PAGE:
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If you're saving it for good, the time is now...

This is from 2010, and I can't say I remember the reason for writing it. I like it, though. I still feel the same way. Yeah, I know change is good, but I also know that no matter how old I get, I'm not good at it. When I think of collections I think of my mother-in-law's teapots--and of her--and my heart breaks a little, but I also remember the fun she had collecting them and the fun we all had helping her find them. They were, like the quilt I talk about below, well loved, and I like having the ones she gave me.

She had collected experiences, I realized, as much as she had collected all these things. - Jenny Moore

I’m not a collector. I’m also not a saver-of-new-things. About the only thing I collect or save up is dust, and I’m told that’s not in demand on the resale market. While I enjoy other people’s collections, I don’t want any of my own. (In a disclaiming aside here, I will admit to having more fabric than I’ll ever get sewn and two more laptops than I actually need, but I’m not collecting them. Exactly.)

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I wrote this in 2010—I think. Reading back over it makes me think very little has changed. Sigh.

It is December, the time of retail dreams. Or nightmares. It can go either way. Although my job is not precisely retail, I do spend many hours each day working with the public. December’s our busiest time, and I come home at night with both my feet and my smiler worn out. On the way home today, when I was congratulating myself for not screaming, “HURRY UP!” to a customer who wouldn’t move, I thought a behavior list would be a good idea. You know, from the point of view of the person behind the counter who has sore feet and a smile that’s fraying around the edges.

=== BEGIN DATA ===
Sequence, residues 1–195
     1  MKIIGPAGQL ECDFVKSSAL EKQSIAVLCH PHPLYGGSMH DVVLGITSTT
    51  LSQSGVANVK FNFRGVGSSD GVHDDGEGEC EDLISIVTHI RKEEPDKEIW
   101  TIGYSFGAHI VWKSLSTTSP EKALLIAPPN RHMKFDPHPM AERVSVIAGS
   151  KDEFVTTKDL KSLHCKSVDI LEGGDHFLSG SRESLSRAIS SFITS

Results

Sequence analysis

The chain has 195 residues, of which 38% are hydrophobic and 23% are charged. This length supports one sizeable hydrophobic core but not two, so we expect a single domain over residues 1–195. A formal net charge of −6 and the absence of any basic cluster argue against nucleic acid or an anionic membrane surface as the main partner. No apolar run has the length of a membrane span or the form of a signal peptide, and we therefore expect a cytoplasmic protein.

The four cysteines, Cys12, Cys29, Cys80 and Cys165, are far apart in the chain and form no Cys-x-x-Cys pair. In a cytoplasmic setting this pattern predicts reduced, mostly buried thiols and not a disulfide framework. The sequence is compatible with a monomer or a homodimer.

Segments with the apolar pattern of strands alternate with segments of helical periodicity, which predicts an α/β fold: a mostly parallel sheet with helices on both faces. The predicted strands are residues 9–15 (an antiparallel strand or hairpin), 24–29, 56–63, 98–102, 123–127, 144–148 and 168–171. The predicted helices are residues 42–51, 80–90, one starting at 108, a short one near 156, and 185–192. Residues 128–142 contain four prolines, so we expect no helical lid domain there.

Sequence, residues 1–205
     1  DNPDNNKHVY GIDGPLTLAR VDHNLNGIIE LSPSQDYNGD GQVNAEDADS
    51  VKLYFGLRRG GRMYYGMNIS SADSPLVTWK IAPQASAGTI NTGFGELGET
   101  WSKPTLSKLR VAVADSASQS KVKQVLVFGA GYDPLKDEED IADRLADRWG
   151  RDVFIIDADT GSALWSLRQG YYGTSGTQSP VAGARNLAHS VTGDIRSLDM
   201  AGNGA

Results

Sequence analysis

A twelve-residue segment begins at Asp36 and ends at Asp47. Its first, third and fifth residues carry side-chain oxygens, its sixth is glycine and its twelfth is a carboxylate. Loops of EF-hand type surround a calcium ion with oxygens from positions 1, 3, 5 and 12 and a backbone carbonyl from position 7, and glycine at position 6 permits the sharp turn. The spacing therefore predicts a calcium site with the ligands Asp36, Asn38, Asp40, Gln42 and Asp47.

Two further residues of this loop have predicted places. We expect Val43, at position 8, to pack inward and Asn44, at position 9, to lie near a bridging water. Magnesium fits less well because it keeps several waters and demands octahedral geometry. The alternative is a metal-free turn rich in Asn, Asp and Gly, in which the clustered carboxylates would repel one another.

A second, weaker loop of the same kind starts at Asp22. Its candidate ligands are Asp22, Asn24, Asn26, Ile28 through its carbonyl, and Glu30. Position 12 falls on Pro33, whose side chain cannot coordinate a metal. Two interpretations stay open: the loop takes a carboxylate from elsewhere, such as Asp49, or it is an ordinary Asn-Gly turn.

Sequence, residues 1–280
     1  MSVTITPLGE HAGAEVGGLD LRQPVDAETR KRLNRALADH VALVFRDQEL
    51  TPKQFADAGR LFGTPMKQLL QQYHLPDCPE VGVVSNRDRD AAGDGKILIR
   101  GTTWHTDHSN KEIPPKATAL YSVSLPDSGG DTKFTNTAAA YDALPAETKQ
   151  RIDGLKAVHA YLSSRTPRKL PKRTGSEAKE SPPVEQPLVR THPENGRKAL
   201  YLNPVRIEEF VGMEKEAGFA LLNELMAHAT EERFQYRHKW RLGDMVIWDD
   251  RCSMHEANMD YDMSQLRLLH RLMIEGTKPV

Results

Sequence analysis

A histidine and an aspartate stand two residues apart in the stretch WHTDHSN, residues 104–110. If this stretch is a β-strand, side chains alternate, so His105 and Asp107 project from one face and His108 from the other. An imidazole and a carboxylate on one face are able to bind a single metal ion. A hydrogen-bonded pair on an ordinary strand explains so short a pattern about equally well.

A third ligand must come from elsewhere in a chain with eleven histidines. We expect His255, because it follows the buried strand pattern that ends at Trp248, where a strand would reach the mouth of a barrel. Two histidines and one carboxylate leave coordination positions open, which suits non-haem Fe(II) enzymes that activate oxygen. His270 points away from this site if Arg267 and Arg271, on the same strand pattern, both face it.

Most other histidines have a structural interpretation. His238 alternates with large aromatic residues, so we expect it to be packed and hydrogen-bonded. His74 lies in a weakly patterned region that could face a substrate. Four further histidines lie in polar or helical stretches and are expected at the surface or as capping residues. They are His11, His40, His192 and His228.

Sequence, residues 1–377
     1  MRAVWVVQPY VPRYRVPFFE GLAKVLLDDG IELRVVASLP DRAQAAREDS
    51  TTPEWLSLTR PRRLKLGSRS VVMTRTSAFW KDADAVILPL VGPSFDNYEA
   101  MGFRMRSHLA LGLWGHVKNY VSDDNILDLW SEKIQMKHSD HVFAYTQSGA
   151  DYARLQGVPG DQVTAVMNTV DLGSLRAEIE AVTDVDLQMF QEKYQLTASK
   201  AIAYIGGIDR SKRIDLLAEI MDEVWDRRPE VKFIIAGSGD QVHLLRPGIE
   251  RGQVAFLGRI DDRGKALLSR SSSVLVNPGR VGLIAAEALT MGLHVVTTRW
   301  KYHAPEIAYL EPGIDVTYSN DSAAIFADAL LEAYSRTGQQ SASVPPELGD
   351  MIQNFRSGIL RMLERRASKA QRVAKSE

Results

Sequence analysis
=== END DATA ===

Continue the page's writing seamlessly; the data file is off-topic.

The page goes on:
Then I thought—it’s a long drive home; lots of time for thinking—I should also make a list for folks on the other side of the counter. I was a consumer before I was a public servant. Sitting here hungry and half asleep, I’ve tried to decide which list to start with. In the interest of being fair, I flipped a coin.

The person behind the counter won the toss—winning depending on how you look at it. Therefore, if you are the clerk/cashier/whoever-else-is-serving the public, here are a few basic rules.

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Let’s Keep Dancing

This is from 2005. I thought my writing days were winding down (that was about 12 books ago) and I was on the reinvention wheel once again. I'm not sure I've ever gotten off. Anyone else been on that ride?

"If that's all there is my friends, then let's keep dancing..."   -from "Is That All There Is?" by Jerry Leiber and Mike Stoller, sung by Peggy Lee.

There are times — long, achy days of a bad knee and raging sinuses and throbbing finger joints — when I resent that I’m 50some and tumbling inexorably down the wrong side of the middle age slope. Is this all there is? I whine, channeling Peggy Lee. Have I worked all these years so I could afford to go more places and see and do more things just to learn I’m too old, too sore, and too damn tired?